Friday, January 07, 2005

An American Buddhist Response to Americanism...

as defined by David Gelernter in Commentary.

Updated: It appears that the original version of this was perhaps too reactive to the article in Commentary, and didn't really accurately portray a Buddhist response to the notion of "America," although I think as a reaction to an "-ism," it's not a bad first cut. The fact is, all political designs, like any design, is a reflection of the people that make them, and what one might say the prevailing social and ideological karma, for want of a better term. The United States simply could not have existed in the way we (or at least many of us) know it without the Enlightenment, the Thirty Years' War, and yes, the Puritans.

That doesn't make us better, and it doesn't make us worse. It in no way justifies triumphalism or condemnation.

Moreover, because of the abundance of greed, hatred and ignorance (as well as wisdom, compassion and generosity) the United States, while having some incredibly good aspects of its society and government envied by the rest of the world (e.g., attempted fidelity to the rule of law, as someone in China pointed out to me) there are still unintended consequences to our society and government; e.g., federalism hinders community, which in turn leads to regional factionalism.

All nation states are engineered imperfectly. We have been relatively lucky to be spared a Pol Pot or a Hitler, but we should not be like a gambler who prides himself on his "skill" having bet at roulette on black 6 times and winning.

That said, I cannot but find the article referenced highly superficial, simply because it lacks any semblance of nuance.

We Buddhists tend not to be partial to "-isms" of any stripe- pro anti. "The -ism is not it" might be a good motto for us. Joe Carter cliams that anti-Americanism "is is closely associated with anti Christianism and anti-Semitism. Anti-Americans are still fascinated and enraged by Americans’ 'bizarre tendency to believe in God.'"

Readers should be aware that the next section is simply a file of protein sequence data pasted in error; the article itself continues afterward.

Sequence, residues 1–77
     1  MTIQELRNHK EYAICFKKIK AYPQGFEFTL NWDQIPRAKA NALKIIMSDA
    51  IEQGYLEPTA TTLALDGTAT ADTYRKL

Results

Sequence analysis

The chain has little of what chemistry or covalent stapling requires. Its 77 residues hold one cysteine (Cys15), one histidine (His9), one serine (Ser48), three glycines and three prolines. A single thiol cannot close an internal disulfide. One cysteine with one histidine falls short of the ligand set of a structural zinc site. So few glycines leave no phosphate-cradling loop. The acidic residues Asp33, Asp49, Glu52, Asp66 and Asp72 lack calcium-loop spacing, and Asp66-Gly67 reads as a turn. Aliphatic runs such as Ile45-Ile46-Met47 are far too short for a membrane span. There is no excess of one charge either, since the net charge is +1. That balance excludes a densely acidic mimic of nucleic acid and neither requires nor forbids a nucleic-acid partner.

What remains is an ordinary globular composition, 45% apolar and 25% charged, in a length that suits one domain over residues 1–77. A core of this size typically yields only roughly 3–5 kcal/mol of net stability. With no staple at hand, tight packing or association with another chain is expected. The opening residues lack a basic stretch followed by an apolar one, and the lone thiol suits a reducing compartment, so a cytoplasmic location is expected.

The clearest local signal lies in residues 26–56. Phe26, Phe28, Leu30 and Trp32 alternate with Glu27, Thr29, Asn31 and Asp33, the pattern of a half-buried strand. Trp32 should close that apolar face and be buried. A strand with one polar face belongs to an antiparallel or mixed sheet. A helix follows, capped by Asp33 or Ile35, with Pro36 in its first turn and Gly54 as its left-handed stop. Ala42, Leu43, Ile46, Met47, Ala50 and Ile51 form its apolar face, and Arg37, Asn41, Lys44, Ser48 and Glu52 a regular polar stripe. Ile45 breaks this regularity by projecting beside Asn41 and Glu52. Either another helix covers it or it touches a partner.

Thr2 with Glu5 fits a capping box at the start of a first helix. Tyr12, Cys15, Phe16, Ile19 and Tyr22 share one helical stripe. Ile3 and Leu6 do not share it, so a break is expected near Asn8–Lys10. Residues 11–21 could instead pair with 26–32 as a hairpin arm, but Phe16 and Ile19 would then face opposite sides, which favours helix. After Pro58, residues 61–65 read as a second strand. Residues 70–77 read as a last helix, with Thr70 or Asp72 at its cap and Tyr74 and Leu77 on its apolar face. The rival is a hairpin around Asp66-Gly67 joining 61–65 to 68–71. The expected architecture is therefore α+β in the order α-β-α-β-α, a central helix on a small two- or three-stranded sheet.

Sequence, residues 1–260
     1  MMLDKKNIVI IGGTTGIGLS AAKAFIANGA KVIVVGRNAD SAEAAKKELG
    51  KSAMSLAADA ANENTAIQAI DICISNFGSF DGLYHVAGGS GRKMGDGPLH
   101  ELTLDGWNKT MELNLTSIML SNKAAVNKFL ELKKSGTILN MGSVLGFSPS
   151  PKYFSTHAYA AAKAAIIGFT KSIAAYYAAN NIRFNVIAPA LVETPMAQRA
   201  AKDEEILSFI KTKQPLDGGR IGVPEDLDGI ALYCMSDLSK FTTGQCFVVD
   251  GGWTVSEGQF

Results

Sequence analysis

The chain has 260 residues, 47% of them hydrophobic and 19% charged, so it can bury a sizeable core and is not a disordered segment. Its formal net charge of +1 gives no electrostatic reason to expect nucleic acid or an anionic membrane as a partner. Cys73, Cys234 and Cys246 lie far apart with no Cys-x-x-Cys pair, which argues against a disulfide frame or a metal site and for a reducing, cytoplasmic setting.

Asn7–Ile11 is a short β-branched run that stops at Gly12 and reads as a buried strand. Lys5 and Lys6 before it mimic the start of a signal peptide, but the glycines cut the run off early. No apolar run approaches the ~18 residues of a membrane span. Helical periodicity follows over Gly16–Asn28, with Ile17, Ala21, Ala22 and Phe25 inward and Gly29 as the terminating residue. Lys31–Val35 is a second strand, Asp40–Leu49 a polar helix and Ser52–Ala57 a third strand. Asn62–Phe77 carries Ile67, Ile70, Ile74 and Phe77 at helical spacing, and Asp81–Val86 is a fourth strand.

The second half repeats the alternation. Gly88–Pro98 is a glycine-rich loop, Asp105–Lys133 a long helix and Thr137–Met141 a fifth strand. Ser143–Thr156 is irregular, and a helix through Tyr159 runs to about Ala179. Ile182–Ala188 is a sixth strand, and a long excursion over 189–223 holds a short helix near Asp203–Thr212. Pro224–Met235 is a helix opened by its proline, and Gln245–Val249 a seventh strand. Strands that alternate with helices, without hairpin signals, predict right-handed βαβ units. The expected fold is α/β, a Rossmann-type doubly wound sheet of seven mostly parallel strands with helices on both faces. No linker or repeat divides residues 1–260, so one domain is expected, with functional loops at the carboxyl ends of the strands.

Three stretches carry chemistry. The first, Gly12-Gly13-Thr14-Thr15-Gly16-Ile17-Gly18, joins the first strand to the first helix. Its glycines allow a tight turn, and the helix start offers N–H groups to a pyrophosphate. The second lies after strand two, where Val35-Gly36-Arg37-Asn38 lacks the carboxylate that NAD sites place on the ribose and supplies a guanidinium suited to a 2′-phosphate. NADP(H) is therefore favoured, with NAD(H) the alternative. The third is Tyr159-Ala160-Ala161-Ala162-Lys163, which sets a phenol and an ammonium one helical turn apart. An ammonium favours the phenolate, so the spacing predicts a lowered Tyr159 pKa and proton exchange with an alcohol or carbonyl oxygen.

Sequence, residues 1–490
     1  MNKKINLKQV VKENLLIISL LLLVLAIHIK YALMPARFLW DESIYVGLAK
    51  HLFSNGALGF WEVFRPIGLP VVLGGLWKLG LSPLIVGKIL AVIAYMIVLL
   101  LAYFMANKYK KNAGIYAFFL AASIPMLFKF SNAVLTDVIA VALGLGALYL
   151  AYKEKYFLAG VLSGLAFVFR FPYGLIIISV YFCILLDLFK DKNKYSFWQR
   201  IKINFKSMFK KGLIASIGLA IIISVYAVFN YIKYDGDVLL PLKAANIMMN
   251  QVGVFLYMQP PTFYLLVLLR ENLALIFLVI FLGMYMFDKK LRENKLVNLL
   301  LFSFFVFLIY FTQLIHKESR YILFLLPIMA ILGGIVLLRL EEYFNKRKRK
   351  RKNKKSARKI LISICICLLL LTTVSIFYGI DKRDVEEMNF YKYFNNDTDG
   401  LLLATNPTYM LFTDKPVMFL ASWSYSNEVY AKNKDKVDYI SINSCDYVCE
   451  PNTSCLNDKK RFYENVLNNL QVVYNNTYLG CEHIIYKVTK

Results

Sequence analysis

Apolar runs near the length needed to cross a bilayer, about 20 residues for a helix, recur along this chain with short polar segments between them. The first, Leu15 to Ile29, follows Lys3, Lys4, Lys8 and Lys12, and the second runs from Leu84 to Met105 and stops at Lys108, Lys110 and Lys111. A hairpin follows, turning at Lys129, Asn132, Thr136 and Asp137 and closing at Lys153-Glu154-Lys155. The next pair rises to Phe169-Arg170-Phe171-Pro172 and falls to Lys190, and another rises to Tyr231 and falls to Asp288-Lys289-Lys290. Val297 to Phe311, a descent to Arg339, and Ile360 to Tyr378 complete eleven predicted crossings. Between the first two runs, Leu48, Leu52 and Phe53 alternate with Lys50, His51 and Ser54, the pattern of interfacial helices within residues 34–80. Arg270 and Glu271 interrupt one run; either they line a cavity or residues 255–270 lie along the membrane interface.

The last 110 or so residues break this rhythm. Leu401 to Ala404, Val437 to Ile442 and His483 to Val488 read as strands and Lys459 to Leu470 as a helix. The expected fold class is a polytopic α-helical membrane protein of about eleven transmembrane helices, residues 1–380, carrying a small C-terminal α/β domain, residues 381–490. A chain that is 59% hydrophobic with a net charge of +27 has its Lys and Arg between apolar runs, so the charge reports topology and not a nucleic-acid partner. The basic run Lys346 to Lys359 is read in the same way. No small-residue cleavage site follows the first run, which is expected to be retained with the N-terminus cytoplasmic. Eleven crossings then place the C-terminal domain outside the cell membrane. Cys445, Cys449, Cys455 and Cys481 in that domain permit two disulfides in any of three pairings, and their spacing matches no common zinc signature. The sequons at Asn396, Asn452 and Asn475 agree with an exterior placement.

Mr. Carter has offered a "symposium prize" for the best reveiws of Gelernter's article.

So, intrigued, (fascinated?) I go off to Joe's link, remembering Woody Allen's famous remark about how Dissent and Commentary's merger had become Dysentery. Commentary - like Susan Sontag- has become famously irrelevant over the years except for those who want to view the ideological analog of a car accident on a freeway.

Gelernter defines "Americanism" as "the set of beliefs that are thought to constitute America’s essence and to set it apart; the beliefs that make Americans positive that their nation is superior to all others—morally superior, closer to God."

Whenever I see things like this whether from the People's Daily, The New York Times, or National Review, a flag goes up: Who thinks these beliefs constitute America's essence? Well clearly Gelernter, for starters.

"America is Deconstruction," so it wasn't Derrida who posits an Americanism, (as expected.) And yep, it's Gelernter's straw man: America has an "-ism," and it's dead serious about it. Thanks for speaking for me Mr. Gelernter- it's about as profound as speaking for those NASCAR dads, soccer/security moms, my 3 year old, the cleaning ladies in the Hyatt Regency in Monterey, and Marty Beckerman.

Anyway, Gelernter- I'm curious as to Carter's take on this by now, because the reasoning here is shoddy to the point of apalling- goes on: "In the late-18th and 19th centuries, America stood for radical republicanism and the breaking-down of inherited rank—grounds for hatred among much of the European elite."